TIM MCCANN: ON THE ROAD TO NOWHERE

The digital video boom has made it easier than ever for anyone to make a movie – and, as a consequence, has made it harder than ever for the talented artist to get his or her movie noticed. Writer-director-cinematographer Tim McCann drew critical acclaim for his first two projects, “Desolation Angels” and Revolution #9, landing endorsements from such luminaries as Roger Ebert and Jonathan Demme. Yet McCann has had to self-distribute both films in order to get them seen, thanks to the indifference of the dominating film industry that has no room for edgy, offbeat and original visions.

On the heels of the recently released Revolution #9, McCann is slaving over the tail end of post-production on his latest project, the pitch-black comedy “Nowhere Man,” starring Michael Rodrick and “B-Movie Goddess” Debbie Rochon. Like his previous films, “Nowhere Man” concerns itself with male angst and emotional disturbance. And, in all probability, McCann will end up distributing this one too.

To the mainstream film industry, “independent” means “under five million dollars”, but something produced between $25,000 and $50,000 is completely beneath notice, referred to as a “B-Movie” in a derogatory tone normally reserved for backyard-shot slasher movies. While “Nowhere Man” contains some gruesome material – the film is about a woman who castrates her husband and proceeds to hold the member for ransom – it is a piece of Outsider Cinema far removed from juvenile horror fare. Hollywood suits are unlikely to make the distinction.

The indifference the mainstream feels towards the Outsider filmmaker is mirrored in McCann’s utter contempt for today’s entertainment realm – a healthy hatred cultivated at an early age. “When I was 15 my mom took me to a local library film series, where they showed a 16mm print of Werner Herzog’s Aguirre: The Wrath Of God and I was spellbound by it’s greatness,” McCann says. “I thought it was so refreshing from the diarrhea at the local multiplexes that I was supposed to identity with, like “Porky’s” or “The Breakfast Club.” A couple weeks later I saw “The Conformist.” It became my life to try and make films. Little did I know how goddamn naive I was to aspire to these types of films, and that films like the ones I hated would from then on completely take over the market place.”

A graduate of SUNY Purchase, where he now teaches, McCann was drawn to making films like the ones he’d appreciated as a kid, influenced by Sam Fuller and Michelangelo Antonioni, turning his back on “popular” entertainment. “There is such an emphasis on production value in our culture, and such a suffocating restraint put on any genuine socio-political or emotional _expression, that it is all but impossible to find survivors in this environment. If Bob Dylan were trying to come up today, forget about it. If you go to the clubs down in Nashville, it is shocking to hear how many true and talented bands there are. And if you turn on MTV, it’s like you died and went to Hell. That being said, there are, I’m sure, many more terrific films being made than I’m aware of. For the last half dozen years, I’ve shielded myself to the culture in general – I’m much more likely to be listening to an old time radio show, or watching a 50′s film noir, than going to the mall to ingest the latest putrid, moronic Hollywood defecation.”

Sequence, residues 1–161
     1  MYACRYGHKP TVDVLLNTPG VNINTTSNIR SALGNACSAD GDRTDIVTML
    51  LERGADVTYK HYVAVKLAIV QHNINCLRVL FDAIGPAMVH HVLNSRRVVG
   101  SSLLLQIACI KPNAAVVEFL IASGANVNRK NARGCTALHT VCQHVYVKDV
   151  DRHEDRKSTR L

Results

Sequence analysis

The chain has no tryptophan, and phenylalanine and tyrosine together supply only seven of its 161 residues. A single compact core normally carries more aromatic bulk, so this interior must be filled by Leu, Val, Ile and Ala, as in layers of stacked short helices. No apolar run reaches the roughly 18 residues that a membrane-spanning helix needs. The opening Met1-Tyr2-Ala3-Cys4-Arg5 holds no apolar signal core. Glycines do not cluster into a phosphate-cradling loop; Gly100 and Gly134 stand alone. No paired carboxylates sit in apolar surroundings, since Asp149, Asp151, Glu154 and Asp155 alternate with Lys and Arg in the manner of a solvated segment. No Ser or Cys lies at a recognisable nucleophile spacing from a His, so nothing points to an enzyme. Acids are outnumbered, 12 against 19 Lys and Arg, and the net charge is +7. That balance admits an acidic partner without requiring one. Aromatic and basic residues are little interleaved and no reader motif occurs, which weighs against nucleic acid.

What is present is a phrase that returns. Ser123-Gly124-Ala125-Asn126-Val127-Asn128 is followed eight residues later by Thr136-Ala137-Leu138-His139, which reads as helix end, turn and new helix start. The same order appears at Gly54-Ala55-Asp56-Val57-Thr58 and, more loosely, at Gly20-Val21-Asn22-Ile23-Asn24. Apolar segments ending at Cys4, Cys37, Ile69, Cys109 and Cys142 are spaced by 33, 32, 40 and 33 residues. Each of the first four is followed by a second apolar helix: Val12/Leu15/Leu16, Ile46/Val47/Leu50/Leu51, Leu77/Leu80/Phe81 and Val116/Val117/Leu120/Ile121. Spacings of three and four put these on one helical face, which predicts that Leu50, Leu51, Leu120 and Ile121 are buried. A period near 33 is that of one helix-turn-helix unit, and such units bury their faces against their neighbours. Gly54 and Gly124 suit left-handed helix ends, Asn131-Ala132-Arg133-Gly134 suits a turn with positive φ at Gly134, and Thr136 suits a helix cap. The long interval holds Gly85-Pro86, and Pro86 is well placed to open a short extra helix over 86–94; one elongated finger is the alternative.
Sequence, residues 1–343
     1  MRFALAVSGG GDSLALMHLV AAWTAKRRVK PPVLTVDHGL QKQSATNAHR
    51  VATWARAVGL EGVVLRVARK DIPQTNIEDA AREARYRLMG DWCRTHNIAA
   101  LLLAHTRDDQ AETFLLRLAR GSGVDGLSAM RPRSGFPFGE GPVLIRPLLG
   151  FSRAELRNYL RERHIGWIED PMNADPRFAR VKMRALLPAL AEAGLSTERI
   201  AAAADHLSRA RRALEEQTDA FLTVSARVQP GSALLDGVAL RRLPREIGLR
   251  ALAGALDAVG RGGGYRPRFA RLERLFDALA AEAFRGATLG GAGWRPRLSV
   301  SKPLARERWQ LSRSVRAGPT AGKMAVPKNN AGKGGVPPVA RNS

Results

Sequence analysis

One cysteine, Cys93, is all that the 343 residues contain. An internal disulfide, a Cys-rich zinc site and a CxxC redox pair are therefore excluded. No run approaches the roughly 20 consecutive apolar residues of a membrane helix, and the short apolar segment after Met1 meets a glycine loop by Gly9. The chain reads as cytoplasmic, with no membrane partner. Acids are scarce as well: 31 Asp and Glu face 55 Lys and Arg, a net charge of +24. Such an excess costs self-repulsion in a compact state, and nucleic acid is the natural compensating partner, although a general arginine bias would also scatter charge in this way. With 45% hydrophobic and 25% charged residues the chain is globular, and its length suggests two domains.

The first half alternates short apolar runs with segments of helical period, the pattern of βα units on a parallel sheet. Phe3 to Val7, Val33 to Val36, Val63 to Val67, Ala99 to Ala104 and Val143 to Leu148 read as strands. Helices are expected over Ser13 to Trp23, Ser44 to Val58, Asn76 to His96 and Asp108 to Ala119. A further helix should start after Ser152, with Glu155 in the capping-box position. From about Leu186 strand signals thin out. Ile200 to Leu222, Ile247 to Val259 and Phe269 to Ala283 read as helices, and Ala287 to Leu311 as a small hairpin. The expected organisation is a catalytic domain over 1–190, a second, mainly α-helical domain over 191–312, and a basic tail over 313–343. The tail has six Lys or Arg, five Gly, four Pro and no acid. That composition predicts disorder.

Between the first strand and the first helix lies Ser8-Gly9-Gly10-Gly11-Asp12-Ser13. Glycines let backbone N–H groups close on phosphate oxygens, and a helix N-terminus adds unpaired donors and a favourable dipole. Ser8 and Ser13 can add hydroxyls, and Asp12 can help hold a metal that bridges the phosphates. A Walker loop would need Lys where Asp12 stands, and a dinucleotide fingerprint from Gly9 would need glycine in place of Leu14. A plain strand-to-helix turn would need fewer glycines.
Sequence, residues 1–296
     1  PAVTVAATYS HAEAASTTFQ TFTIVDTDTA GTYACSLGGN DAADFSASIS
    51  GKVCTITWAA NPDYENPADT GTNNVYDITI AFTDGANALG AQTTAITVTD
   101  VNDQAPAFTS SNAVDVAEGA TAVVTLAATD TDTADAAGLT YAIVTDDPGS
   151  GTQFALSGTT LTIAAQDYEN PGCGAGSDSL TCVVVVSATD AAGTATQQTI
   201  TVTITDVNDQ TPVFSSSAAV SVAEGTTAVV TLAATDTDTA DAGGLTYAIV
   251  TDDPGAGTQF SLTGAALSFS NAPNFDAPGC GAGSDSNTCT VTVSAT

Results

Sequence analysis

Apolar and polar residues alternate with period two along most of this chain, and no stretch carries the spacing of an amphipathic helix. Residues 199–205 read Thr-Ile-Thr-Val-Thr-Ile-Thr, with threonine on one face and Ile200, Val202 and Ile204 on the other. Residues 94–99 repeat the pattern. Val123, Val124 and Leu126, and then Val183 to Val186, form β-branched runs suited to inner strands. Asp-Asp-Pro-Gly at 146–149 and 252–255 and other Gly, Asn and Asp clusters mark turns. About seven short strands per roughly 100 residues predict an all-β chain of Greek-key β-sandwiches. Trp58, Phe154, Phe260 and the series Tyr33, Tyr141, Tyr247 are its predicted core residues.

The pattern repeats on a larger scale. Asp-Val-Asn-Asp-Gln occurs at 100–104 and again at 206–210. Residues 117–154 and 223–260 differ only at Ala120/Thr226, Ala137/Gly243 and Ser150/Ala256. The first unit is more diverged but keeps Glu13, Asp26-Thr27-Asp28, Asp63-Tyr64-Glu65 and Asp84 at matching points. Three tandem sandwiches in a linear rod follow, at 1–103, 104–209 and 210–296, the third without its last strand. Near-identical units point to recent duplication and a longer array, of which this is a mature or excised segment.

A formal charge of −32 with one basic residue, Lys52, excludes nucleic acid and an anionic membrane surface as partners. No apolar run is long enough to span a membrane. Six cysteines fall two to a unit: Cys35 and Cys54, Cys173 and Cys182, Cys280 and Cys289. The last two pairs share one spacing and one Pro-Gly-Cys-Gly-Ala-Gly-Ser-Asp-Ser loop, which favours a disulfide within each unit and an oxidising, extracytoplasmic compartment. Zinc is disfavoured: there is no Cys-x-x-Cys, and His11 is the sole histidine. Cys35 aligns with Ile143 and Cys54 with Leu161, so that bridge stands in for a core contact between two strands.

That said, obviously one shouldn’t expect “Nowhere Man” to be a Lifetime Channel regurgitation of “The Lorena Bobbit Story”. In fact, the basis of “Nowhere Man” goes back almost as far as McCann’s love of film. “When I was 17, long before Lorena Bobbit ever lifted a knife, I was sitting in a doctor’s office and I overheard two nurses talking about a young man who had cancer of the penis. And they had to cut his wanker off. I was horrified. Of course I went home and thought about how goddamn unbelievably horrible life must be for this kid now. That kind of stayed in the back of my mind. I think I was there for acne treatment or something so trite. Kind of put it in perspective.”

The incident stuck in McCann’s head and refused to go away. “Several years ago I wrote a script called ‘Devil Woman’, about a damaged girl who went around to Westchester bars and picked up guys, and during their one night stands she would cut their dicks off. She would feed the dicks to her pet piranha. So you had all these macho guys running around, teaming up, trying to get their dicks back. It was a horrible, darkly funny situation. When my agent at the time read it he called me up and said he no longer wanted to represent me. So I forgot about it for a while. Nowhere Man is a very different story, but obviously similar.”

The interview continues in part two of TIM MCCANN: ON THE ROAD TO NOWHERE>>>




Posted on May 15, 2003 in Interviews by
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